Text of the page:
Spotted lanternfly infestation found in Wellesley

Local News

Local officials are asking residents to watch out for the invasive pest.

AP

An infestation of the invasive spotted lanternfly has been found in Wellesley, officials announced this week. 

The infestation near Carisbrooke Reservation was confirmed by the Massachusetts Department of Agriculture Resources, town officials announced Wednesday.

The spotted lanternfly was first found in the United States in Pennsylvania in September 2014, according to the U.S. Department of Agriculture.

The insect, native to China, feeds on the sap of a range of ornamental, woody, and fruit trees, and it poses a risk of impacting the nation’s grape, orchard, and logging industries if it is allowed to spread.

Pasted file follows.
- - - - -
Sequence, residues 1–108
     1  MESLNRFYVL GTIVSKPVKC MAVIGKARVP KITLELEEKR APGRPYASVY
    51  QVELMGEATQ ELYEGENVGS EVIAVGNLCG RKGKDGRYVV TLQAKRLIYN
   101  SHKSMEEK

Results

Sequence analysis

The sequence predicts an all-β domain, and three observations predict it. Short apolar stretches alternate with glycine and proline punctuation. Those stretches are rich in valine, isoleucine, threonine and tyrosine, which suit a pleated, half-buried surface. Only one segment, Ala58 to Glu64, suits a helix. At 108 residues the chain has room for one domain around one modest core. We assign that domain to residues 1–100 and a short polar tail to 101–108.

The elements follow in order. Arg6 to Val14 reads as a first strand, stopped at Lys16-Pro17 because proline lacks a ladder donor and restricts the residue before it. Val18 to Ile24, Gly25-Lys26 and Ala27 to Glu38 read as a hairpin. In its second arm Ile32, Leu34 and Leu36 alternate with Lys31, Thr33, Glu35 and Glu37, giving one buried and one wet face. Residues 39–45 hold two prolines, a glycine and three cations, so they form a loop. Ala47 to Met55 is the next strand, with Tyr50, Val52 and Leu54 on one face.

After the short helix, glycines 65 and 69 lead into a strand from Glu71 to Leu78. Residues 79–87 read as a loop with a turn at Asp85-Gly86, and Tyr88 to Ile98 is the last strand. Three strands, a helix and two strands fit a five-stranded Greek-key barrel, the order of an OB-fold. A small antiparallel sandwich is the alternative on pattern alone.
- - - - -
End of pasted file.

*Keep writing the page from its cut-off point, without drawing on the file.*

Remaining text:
They lay eggs on “almost any surface,” including cars, trailers, and patio furniture, which officials said allows them to be spread across long distances when people travel with infested materials.

A single dead spotted lanternfly was first found in Massachusetts in 2018. Since then, the insects have been found both alive and dead in the state.

Wellesley officials are asking residents to watch out for the pest, familiarize themselves with its features, and report any infestations.

“Residents should become familiar with this pest, report any sightings, and check their property for SLF and its favorite host plants, tree-of-heaven and grape,” officials said. “Consider setting up traps, hiring someone to treat for SLF, or determine whether removing a tree-of-heaven on your property is possible.”

Any resident who finds a spotted lantern fly or one of its egg masses should take a photo and report it to MDAR online. 


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